February 23, 2010 at 6:06 pm EDT | by Nick Napolitano
Kicking homophobia in the grass

‘Football v. Homophobia’ is a project of The Justin Campaign, a U.K.-based group that takes its name from Justin Fashanu, the only soccer player of prominence to ever come out as gay and who later committed suicide. (Photo by Colin Michael Schwartz)

British footballers, or soccer players as they are called stateside, this month launched a worldwide observance they hope will help eradicate intolerance in the world’s most popular sport.

Tolerance games, special tournaments, press conferences and even a flashmob match, all organized under the rubric of “Football v Homophobia,” were held on Feb. 19 across England and beyond, including Spain, Croatia, Denmark, Scotland, Mexico, and here in Washington, D.C.

“We identified some time ago that the prevalence of homophobia in football was not a phenomenon only experienced in the U.K.,” organizer Darren Ollerton told DC Agenda. “We felt that a day where people could express their disapproval of homophobia in football internationally would carry a strong message.”

Football v Homophobia is a project of The Justin Campaign, a U.K.-based group that takes its name from Justin Fashanu, the only soccer player of prominence to ever come out as gay. Fashanu’s career spanned three decades, from 1978 to 1997, and he played at the highest levels of the sport for teams that included Norwich FC, where he began his career, West Ham United, Manchester City, and Nottingham Forest. In 1980 he won the BBC Goal of the Season for a spectacular shot against Liverpool, and the following year he became the first black English player to earn £1 million.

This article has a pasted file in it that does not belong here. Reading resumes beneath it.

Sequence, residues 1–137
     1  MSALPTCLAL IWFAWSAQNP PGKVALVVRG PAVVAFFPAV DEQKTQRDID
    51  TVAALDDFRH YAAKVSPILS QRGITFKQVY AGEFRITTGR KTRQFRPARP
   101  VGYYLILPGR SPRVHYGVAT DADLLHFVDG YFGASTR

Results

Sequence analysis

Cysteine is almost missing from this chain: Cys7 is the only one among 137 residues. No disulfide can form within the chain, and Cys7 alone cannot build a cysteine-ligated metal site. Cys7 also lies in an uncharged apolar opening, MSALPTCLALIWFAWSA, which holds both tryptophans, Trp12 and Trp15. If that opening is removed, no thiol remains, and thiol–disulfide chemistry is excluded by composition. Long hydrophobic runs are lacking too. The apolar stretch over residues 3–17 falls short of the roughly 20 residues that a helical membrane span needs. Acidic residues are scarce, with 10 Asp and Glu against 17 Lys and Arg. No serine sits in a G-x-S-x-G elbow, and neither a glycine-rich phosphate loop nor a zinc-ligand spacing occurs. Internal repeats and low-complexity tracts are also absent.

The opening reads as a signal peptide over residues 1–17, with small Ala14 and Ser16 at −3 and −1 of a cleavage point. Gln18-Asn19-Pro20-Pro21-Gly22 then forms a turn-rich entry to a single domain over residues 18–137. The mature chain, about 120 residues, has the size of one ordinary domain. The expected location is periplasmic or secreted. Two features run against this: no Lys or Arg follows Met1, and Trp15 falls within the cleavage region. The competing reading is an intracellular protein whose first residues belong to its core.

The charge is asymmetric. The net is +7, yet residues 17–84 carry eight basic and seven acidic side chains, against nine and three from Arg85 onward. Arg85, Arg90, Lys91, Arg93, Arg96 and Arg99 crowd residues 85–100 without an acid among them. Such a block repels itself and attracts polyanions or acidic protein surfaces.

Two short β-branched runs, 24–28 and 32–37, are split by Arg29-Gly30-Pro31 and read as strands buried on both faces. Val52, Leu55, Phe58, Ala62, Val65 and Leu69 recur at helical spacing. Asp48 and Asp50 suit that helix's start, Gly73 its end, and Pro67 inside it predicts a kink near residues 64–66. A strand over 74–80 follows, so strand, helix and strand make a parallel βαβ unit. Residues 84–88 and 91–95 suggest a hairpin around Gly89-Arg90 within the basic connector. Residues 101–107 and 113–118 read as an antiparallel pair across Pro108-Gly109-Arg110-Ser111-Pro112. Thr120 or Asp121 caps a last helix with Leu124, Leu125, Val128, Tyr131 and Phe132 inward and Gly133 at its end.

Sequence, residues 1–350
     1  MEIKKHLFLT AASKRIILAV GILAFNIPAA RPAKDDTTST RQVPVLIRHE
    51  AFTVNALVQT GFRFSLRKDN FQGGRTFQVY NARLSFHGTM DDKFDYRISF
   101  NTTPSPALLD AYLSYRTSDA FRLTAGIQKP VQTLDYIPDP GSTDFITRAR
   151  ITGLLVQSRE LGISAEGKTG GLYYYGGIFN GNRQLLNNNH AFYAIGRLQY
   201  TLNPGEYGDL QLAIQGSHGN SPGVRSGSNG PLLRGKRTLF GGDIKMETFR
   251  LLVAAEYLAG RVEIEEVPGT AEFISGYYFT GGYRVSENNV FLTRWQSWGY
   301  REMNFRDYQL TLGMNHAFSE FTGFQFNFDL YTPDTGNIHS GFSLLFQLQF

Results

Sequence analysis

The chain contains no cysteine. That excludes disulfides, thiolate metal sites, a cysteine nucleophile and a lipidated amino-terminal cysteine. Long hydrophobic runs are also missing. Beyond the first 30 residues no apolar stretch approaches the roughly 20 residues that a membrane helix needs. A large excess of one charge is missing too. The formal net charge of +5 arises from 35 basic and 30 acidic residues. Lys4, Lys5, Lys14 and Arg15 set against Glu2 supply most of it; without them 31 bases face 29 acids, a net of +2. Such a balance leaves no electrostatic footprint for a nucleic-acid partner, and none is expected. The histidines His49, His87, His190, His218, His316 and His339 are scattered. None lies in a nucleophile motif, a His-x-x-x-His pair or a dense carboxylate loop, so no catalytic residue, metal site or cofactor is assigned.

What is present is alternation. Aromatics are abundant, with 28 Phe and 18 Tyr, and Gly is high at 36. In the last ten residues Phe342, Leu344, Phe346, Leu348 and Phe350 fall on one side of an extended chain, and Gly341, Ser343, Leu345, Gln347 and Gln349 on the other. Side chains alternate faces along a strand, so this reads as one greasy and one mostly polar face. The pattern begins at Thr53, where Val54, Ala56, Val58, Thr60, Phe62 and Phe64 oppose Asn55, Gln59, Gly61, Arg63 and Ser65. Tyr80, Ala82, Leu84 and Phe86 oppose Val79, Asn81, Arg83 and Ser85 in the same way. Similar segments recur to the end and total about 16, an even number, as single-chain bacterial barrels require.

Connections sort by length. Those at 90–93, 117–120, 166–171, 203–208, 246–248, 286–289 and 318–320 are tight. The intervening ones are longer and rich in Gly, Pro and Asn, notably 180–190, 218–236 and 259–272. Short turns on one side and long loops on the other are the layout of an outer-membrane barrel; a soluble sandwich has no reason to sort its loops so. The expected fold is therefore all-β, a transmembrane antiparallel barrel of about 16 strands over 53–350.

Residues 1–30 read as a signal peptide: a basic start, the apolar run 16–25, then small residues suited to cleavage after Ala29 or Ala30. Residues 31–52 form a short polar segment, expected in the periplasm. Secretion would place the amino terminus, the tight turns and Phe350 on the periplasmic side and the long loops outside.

Fashanu suffered a downward spiral following his coming out to the British tabloids in 1990. He had difficulty getting signed by a team, despite brilliant play, his brother, a fellow pro footballer, disavowed him, fans heckled him at games and jeered him in the press, and he was harassed by fellow players. One of his coaches, Brian Clough, subject of the critically acclaimed 2009 film “The Damned United,” famously referred to Fashanu as a “bloody poof.”

By 1998 Fashanu had retired from his professional career and was coaching Maryland Mania, a professional team based in Baltimore that played in USL-1, the league just below Major League Soccer. He fled his home in Ellicott City after Howard County police alleged he had sexually assaulted a 17-year-old boy. Fashanu claimed the sex was consensual and charges were never formally made. Two months later, though, he would take his own life.

Fashanu’s niece, Amal Fashanu, participated in a Football v Homophobia event in Norwich, England, along with members of Parliament and leadership from Fashanu’s former team, Norwich FC.

“It’s a long road but I still feel that change can come,” Amal Fashanu told the Eastern Daily Press last week. “He would be up there looking down and thinking: ‘I did something good and because of me many other people are actually happy’.”

Federal Triangles Soccer Club organized the only Football v Homophobia event in America, according to Overton. Players from the coed soccer team FTSC Dixie Kicks donned event jerseys in their regular season indoor match against the Little Urban Achievers at the Fairfax Sportsplex.

Five minutes into the match, The Achievers slotted a shot by veteran goalkeeper Craig Grimm to draw first blood, but FTSC struck back late in the first half with a pair of goals from Becky Williams and Danny Schneider. FTSC’s lead was short-lived, however, as the Achievers reeled off eight unanswered goals to take the match 9-2.

“Even though we lost it was a great experience,” said team organizer Dennis Fish, who found out about Football v Homophobia through Facebook. “Being able to play and be open about who we are felt good.”

Sitting with his team afterward at Freddie’s Beach Bar, Fish admitted to being nervous before the match.

“We play on Saturday and it’s a day when there are often a lot of kids around. So I wasn’t sure if some of their parents, especially being in Virginia, would have a problem. But everyone was really great. Even the ref told us he liked the shirt and what we were doing. It was a great day.”

For more information on The Justin Campaign and Football v Homophobia, visit thejustincampaign.com. Those interested in playing soccer with Federal Triangles Soccer Club can find more information at federaltriangles.org.

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